does Alberta want in or does it want Quebec out?

Stephen Harper, among other things, is famous for coining the Reform Party’s original tag line “The West wants in”.  In 2006, when he finally took his seat as Prime Minister of Canada, he made good. If you ask me, the West found its way in after years of self imposed exile (well, partially imposted exile – Trudeau might have let the door slam on their way out in the seventies).

The recent election campaign in Alberta raised a familiar family jealousy. Alberta needn’t be jealous of its entitled big brother Quebec. Especially these days. If you spend your youth seeking any parental attention you can get, once you’ve got it (hint: oil helps) please don’t use it to harp (pun intended) on the old days.

A few Alberta campaign issues took some well worn pot shots at Quebec. Quebecers have cheap daycare. Quebecers have cheap tuition. Quebecers have it better. Well, go work in Quebec and see what’s left of your pay cheque before you do. In Quebec, everyone puts more money in the pot and everyone takes more out. Is it sustainable, non? But the flip side is it’s more equitable. Just breathe and hear me out. Quebecers are taxed more but have more services. As such, their disposable income is proportionately higher than ours.Which is why, in my view, they made it through the last recession much better than the rest of us. Because they cushioned their own fall.

While my cousins paid $5/day for daycare, I paid $50. In a single year, my $10,000 a year daycare expense was $1,000 for their families. Granted, their income tax is higher and they file both provincially and federally – but I’d have gladly paid more tax to have more disposable income at the end of my fiscal year.

But when it comes to the uber sensitive topic of equalization, Alberta, who’s in the best position of us all still seems to resent what Quebec has paid handsomely to get. Matters of their own provincial jurisdiction are their own business. Wouldn’t it be best if they minded it?

That Alberta would use its current good fortune to whine about the accommodations made for other citizens in other provinces is poor sportsmanship. How many cowboys stomp their feet, kick dirt then walk off in a huff. Not many I know. Turns out, thankfully, that strategy didn’t work out for the wild roses but the provincial equalization band aid’s been ripped off again, in my view.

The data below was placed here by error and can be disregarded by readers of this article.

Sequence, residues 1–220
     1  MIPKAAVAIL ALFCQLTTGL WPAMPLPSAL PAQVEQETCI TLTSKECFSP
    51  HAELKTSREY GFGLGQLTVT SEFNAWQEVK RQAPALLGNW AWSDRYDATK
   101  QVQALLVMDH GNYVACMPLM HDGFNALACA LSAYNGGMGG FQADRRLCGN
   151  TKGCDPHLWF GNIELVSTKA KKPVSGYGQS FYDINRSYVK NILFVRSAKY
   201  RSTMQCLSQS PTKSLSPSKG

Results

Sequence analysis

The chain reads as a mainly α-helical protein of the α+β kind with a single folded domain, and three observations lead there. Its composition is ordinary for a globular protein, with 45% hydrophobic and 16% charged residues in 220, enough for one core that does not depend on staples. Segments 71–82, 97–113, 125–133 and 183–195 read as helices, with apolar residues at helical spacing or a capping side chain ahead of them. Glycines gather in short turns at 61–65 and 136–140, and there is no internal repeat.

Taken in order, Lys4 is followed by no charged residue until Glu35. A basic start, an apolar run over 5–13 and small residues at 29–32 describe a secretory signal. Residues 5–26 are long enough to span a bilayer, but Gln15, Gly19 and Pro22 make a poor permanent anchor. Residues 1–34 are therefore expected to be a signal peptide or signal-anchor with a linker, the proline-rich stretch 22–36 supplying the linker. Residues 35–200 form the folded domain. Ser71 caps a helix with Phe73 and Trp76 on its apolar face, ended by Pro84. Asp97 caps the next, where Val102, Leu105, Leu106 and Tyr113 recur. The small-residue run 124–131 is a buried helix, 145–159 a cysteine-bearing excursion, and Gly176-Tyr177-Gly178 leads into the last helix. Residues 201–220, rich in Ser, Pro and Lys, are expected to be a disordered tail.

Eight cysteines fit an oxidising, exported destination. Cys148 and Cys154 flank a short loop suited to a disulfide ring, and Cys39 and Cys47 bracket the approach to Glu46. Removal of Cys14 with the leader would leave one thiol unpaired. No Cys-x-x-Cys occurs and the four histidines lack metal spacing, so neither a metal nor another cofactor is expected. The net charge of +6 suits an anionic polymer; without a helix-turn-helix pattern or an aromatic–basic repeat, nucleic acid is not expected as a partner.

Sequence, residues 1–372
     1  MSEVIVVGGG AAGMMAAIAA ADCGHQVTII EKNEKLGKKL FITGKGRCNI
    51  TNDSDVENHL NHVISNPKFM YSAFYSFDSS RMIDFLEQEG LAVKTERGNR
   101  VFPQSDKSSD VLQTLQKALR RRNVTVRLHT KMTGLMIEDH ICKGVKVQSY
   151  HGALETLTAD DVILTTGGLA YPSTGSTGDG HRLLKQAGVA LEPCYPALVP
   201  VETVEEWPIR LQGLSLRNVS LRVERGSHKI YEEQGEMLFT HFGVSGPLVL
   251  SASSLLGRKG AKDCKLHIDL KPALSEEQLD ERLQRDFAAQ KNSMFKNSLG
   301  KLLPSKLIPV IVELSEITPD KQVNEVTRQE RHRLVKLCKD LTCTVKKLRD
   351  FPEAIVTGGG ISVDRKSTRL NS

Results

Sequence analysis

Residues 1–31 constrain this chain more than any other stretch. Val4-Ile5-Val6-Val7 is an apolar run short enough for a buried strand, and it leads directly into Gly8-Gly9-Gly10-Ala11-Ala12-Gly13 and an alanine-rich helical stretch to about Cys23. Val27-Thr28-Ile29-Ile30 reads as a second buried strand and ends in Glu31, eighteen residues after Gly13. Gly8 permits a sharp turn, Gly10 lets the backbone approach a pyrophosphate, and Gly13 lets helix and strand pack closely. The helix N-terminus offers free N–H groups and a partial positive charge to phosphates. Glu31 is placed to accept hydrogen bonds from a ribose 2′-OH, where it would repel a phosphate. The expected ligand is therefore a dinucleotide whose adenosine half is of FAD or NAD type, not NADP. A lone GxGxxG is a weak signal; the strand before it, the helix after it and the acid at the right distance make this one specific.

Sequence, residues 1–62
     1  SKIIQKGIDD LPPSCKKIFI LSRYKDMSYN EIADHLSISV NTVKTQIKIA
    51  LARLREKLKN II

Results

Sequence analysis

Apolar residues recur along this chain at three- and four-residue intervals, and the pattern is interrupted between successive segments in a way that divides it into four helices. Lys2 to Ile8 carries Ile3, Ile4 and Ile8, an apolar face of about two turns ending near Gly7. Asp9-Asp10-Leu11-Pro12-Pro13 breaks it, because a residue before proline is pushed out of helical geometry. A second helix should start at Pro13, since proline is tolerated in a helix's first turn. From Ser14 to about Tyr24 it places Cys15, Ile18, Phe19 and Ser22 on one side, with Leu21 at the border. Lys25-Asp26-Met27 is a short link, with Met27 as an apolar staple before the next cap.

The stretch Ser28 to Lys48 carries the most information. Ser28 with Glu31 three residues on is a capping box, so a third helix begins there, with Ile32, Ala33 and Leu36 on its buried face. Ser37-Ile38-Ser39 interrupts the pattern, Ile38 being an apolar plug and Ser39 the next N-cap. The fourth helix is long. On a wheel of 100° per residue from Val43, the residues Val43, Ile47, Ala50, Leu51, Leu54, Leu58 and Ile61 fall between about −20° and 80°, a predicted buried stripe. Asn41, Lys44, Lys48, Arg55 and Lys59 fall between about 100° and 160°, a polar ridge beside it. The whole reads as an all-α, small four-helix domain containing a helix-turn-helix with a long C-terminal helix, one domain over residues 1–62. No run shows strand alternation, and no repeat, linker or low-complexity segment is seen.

When you drive into cow town, you’re greeted by a sign featuring an outline of a red cowboy hat proclaiming Calgary as the Home of the New West. Well I hope the new west will remember its old west roots.  There is dignity in the shoot first ask questions later of spaghetti westerns and real authentic conservative politics like those of Preston Manning and Peter Lougheed. Everyone loves a good western and instictively trusts an old cowboy. It’s the new ones I’m not so sure about.

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3 Responses

  1. […] out Louise Wallace’s latest post does Alberta want in or does it want Quebec out? . The recent election campaign in Alberta raised a familiar family jealousy. Alberta needn’t be […]

  2. Anyone with a an ounce of common sense yet alone one with a degree in economics will tell you Quebec is in deep deep trouble and near fiscal collapse. $285.6 billion in the red and a woping 95% debt-to-GDP ratio (5th highest in the world). The only thing keeping Quebecs welfare state afloat is the large transfer payments pouring in from the rest of Canada. And how has Quebec weathered the recession much better than the rest of us? A quick look at the unemployment figures shows that Quebec has ALWAYS had a higher unemployment than the rest of Canada. I’d be extremely careful about leading anyone over that cliff.

    • I hear what you’re saying. I know Quebec is in trouble. Ontario too for that matter. Deep trouble. The Dutch disease will be an interesting debate to follow in the weeks ahead. My point was merely that I didn’t see why Alberta’s election campaign would take issue with Quebec’s “entitlement” as part of their campaigning. And it was clearly part of the wild rose rhetoric. My experience in Quebec is anectodal. I’ve spent most every summer of my life in QC with my family. I see how my peers are doing. I can tell you that in my honest experience, they pay more tax but they are better off and have more disposable income. I’m not leading anyone off any cliff. I’m just sharing how I see it. Thanks for sharing how you see things.

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